If you keep the same 3 dB in each direction, but change the coverage to 32 ms, the resulting levels are shown in the following examples.
voice-port 1/1:15 input gain -3 output attenuation 3 echo-cancel coverage 32 Gateway#show call active voice ! snip OutSignalLevel=-18 InSignalLevel=-21 ERLLevel=6 ! snip

The levels look the same as the previous result, however the echo canceller takes a few more seconds longer to converge. Do not set the echo cancel coverage higher than necessary. For more information about troubleshooting echo problems, refer to the following documents:

Troubleshooting Echo Problems between IP Phones and Cisco IOS Gateways, document ID 19640 Echo Analysis for Voice over IP white paper, at the following website: http://www.cisco.com/en/US/tech/tk652/tk701/technologies_white_paper09186a00800d6b68.shtm l

Voice Level Adjustment


Voice levels can require adjustment for a variety of reasons. The voice on a call might be too loud or quiet, or callers might have an issue with comfort noise generated when using voice activity detection (VAD). This section contains informaton about the following:

Input and Output Levels, page 14 Voice Activity Detection Level, page 16

Input and Output Levels


As much as possible, it is desirable to achieve a uniform input decibel level to the packet voice network. Doing so eliminates or at least reduces any voice distortion because of incorrect input and output decibel levels. Adjustments to levels might be required by the type of equipment connected to the network or by local country-specific conditions. Incorrect input or output levels can cause echo, as can an impedance mismatch. Too much input gain can cause clipped or fuzzy voice quality. If the output level is too high at the remote routers voice port, the local caller hears an echo. If the local routers voice port input decibel level is too high, the remote side hears clipping. If the local routers voice port input decibel level is too low or the remote routers output level is too low, the remote side voice can be distorted at a very low volume, and DTMF signaling might be missed. Use the input gain and output attenuation commands to adjust voice levels, and the impedance command to set the impedance value to match that of the voice circuit to which the voice port connects. To change parameters related to voice levels, enter the following commands.

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Troubleshooting Quality of Service for VoIP Common QoS Problems

SUMMARY STEPS
1. 2. 3. 4. 5. 6. 7.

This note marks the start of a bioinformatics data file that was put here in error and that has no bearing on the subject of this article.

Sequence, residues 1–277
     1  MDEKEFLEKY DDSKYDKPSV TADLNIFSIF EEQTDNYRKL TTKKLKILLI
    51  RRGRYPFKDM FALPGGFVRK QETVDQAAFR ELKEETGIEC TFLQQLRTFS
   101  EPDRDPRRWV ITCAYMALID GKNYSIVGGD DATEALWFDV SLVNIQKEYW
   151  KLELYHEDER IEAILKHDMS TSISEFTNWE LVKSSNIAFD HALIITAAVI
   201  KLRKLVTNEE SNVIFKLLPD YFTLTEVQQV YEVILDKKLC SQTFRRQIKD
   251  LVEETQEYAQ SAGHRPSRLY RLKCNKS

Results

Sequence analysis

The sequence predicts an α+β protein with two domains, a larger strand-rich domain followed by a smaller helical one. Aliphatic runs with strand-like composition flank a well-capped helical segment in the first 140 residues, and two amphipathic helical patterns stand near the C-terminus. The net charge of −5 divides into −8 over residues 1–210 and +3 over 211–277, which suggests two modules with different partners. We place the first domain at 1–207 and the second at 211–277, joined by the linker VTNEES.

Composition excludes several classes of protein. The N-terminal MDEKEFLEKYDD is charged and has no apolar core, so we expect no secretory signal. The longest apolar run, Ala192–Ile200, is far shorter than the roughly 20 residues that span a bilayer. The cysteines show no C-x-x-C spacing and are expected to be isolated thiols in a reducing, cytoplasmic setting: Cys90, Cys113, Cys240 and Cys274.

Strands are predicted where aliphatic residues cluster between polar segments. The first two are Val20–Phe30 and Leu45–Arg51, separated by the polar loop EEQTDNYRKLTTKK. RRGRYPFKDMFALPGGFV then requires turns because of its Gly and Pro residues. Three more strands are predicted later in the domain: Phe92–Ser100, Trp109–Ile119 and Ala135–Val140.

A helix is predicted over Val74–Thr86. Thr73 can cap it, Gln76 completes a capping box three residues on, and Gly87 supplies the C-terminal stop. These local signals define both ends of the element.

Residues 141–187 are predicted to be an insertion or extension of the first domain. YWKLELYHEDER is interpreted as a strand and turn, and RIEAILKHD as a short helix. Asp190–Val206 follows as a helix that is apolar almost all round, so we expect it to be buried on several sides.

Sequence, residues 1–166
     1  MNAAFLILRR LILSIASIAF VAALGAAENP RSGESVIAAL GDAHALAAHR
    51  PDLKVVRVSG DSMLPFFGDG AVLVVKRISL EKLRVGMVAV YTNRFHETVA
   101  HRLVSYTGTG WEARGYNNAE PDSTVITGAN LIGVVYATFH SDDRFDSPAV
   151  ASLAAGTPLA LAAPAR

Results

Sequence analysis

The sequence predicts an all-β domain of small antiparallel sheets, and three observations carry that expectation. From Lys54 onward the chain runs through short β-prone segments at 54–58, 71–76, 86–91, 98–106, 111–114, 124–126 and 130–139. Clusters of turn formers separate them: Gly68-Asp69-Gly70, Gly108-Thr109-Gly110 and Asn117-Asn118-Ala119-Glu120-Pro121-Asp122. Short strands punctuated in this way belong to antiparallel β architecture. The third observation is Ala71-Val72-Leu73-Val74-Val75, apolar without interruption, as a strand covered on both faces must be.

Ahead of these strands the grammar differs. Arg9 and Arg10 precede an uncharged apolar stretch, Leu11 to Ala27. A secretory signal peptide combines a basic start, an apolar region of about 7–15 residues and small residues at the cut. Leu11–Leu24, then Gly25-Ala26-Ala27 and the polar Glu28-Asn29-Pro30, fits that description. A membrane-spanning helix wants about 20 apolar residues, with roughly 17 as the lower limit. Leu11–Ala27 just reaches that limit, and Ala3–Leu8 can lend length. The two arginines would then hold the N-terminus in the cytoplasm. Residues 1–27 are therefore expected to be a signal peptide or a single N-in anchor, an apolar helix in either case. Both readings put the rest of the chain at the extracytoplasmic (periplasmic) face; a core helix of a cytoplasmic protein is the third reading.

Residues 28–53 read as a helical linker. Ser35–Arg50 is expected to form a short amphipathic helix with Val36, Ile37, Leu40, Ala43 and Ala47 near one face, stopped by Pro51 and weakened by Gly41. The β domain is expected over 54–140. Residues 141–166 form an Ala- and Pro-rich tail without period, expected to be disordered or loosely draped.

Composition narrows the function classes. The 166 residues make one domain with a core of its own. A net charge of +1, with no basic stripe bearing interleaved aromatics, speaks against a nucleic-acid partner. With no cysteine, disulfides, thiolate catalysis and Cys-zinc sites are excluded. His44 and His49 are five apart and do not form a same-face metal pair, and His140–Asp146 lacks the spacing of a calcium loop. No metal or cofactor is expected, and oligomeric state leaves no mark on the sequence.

enable configure terminal voice-port slot/port:ds0-group-number input gain value output attenuation value impedance {600c | 600r | 900c | complex1 | complex2} exit Purpose Enables higher privilege levels, such as privileged EXEC mode.

Command
Step 1
enable

Example:
Router> enable

Enter your password if prompted.

Step 2

configure {terminal | memory | network}

Enters global configuration mode.

Example:
Router# configure terminal

Step 3

voice-port slot/port:ds0-group-number

Enters voice-port configuration mode on the selected slot, port, and DS-0 group.

Example:
Router(config)# voice-port 1/0:0

Each defined DS-0 group number is represented on a separate voice port. This allows you to define individual DS-0s on the digital T1/E1 card.

Step 4

input gain value

Example:
Router(config-voiceport)# input gain 0

Specifies, in decibels, the amount of gain to be inserted at the receiver side of the interface, increasing or decreasing the signal.

After an input gain setting is changed, the voice call must be disconnected and reestablished before the change takes effect. The value argument is any integer from 6 to 14. The default is 0.

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Troubleshooting Quality of Service for VoIP Common QoS Problems

Command
Step 5
output attenuation value

Purpose Specifies the amount of attenuation in decibels at the transmit side of the interface, decreasing the signal.

Example:
Router(config-voiceport)# output attenuation -6

A system-wide loss plan can be implemented through the use of the input gain and output attenuation commands. The default value for this command is based on the assumption that a standard transmission loss plan is in effect, meaning that normally there must be 6 dB attenuation between phones. The value argument is any integer from 6 to 14. The default is 0.